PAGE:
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Tuesday, December 18, 2012

Everything In It's Place

This fall, the United States held its 54th presidential election.  But, it was the first election held during the Twitter era.  As such, during every debate and on election night, sports fans were subjected to 140 characters worth of political opinions from athletes and sports writers.  This resulted in mass complaining and mass unfollowing.  That reaction led to sports figures shouting back that they are entitled to their opinions.  They further shouted that those who don't want their opinions on their Twitter feeds are just too shallow and intolerant to appreciate what they have to say.

On Saturday, December 1, 2012, a linebacker for the Kansas City Chiefs shot and killed the mother of his child before shooting and killing himself in front of Chiefs officials.  Because this story involved a murder and suicide committed by a football player, during the season and on team property, this was understandably reported by sports media outlets.  But, the next day, Bob Costas took advantage of the situation and his bully pulpit to turn his halftime segment during NBC's Sunday Night Football broadcast into a monologue on the need for more gun control laws.  To be expected, this did not sit well with many gun-owning football fans across the country.  And predictably, the sports media establishment rallied behind Costas and his freedom of speech.

On December 17, 2012, Syracuse defeated Detroit on the basketball court.  As a result, Jim Boeheim became the third coach in Division I men's basketball history to win 900 games.  As a result, Boeheim was a popular guest on the sports talk shows the following day.  Boeheim started the morning on ESPN's popular TV/radio show Mike and Mike in the Morning.  Later in the day, Boeheim was on the Dan Patrick Show on NBC Sports.  On both occasions, the basketball coach used the platform to discuss gun legislation in the wake of the tragedy in Newtown, CT.  Although Boeheim's opinions are clearly heartfelt and possibly well-informed, the timing and venue of his comments left many in the audience feeling uneasy.  And once again, those uneasy folks were labeled as close-minded and unsophisticated by others with widespread access to the public.

But judgements as to the mental acuity or the complexity of thought of those who prefer not to mix their sports and politics is simply unfair.  It's not that these uneasy fans do not think sports personalities are prohibited from having opinions about social issues.  Rather, these fans understand two things.  First, sports are a diversion from real life.  Second, and more importantly, these fans know that everything has a place.  In our increasingly compartmentalized society, we look to different people for different information.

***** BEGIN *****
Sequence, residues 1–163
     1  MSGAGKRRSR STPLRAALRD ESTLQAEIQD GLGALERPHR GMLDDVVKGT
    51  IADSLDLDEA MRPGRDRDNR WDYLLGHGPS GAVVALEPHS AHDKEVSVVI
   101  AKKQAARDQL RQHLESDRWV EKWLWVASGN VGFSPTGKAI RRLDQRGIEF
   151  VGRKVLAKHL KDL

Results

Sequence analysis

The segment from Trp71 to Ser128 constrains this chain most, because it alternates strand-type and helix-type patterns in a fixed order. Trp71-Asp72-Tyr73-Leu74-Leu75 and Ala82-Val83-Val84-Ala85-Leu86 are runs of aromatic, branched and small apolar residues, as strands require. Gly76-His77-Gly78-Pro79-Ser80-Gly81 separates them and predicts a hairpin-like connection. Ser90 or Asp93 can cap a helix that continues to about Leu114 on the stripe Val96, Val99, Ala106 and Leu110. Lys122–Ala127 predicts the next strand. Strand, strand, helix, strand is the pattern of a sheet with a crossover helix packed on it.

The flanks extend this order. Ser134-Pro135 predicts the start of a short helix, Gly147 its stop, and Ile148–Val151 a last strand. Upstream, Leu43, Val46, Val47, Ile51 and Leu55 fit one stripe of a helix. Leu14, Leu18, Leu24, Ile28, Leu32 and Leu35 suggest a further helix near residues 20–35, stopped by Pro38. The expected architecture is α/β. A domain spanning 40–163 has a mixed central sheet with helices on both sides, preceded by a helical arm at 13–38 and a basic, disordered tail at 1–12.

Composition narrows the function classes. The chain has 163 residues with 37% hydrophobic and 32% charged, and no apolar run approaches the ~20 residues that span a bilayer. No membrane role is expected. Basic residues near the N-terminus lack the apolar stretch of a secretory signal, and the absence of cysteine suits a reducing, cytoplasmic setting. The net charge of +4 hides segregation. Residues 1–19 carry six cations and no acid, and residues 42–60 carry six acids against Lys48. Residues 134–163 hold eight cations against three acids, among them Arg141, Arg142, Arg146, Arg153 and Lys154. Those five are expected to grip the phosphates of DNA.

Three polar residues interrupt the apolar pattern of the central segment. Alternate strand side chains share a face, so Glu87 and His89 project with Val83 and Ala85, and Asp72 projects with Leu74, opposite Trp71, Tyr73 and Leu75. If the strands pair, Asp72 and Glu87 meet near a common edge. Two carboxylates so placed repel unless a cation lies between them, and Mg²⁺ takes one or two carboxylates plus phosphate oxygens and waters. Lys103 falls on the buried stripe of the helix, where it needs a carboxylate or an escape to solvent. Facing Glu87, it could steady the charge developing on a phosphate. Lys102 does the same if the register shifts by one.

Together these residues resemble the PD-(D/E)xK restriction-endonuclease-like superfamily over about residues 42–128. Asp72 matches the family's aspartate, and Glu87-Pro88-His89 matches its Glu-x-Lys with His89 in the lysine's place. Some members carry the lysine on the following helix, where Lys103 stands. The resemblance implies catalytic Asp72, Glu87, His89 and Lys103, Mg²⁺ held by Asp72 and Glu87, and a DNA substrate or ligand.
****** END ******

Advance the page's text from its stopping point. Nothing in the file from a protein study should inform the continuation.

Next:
This principle doesn't just apply to hot button political issues and elections.  Let me run you through a few scenarios.  If you show up to a meeting with your financial advisor, do you want him to hand you a brochure about your mutual fund's performance or give you a copy of his March Madness bracket?  When you sit in a church pew, do you want the minister to preach from the Word or do you want them to compare and contrast the 3-4 and 4-3 defensive schemes?  When you turn on CNN, do you want Soledad O'Brien to talk about the turmoil in Egypt or to talk about the pros and cons of the BCS?  The answers to those questions are obvious.  Likewise, sports fans do not turn on sports shows in order to hear political and social debates.

And lest you are thinking that I, the Wild Banshee, am a one dimensional, vapid and sheltered individual, I will give you a rare glimpse behind the curtain.  I have a degree in political science.  And, I have stood in a yard as flies swarmed around a dead body that was face down with bullet holes in its head.  When we turned the body over, some of those bullets were mushroomed into the ground.  So, I actually do know a thing or two about gun violence.  I am interested in the gun legislation debate.  But, I am not interested in having that debate at halftime of a Cowboys game or in the midst of an early morning college basketball discussion.

I realize that even venturing into this topic on a sports blog is somewhat hypocritical, but I've struggled for months to put my finger on what has been making me uneasy about the sports and political dialogue over the past few months.  And, since I pay for this domain name, I didn't want to let these thoughts just slip away.  Come back later in the week and we'll be back to light-hearted sports commentary.

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  1. I agree 100%. Using Celebrity to advance personal opinions may be free speech and within people's rights......but that doesn't mean the rest of us want to hear it.

  2. Well said, Banshee. And to spin this towards not just gun control, if you somehow missed the whole thing over the last several months, just google "Chris Kluwe politics" and you'll see athletes venturing out further into politics than most NFL fans around here wanted to see/hear.


  3. I'm a political junkie. I don't mind when players share their political opinions. But I really HATE it when announcers make political and social commentary. I don't know why, but it just seems different to me.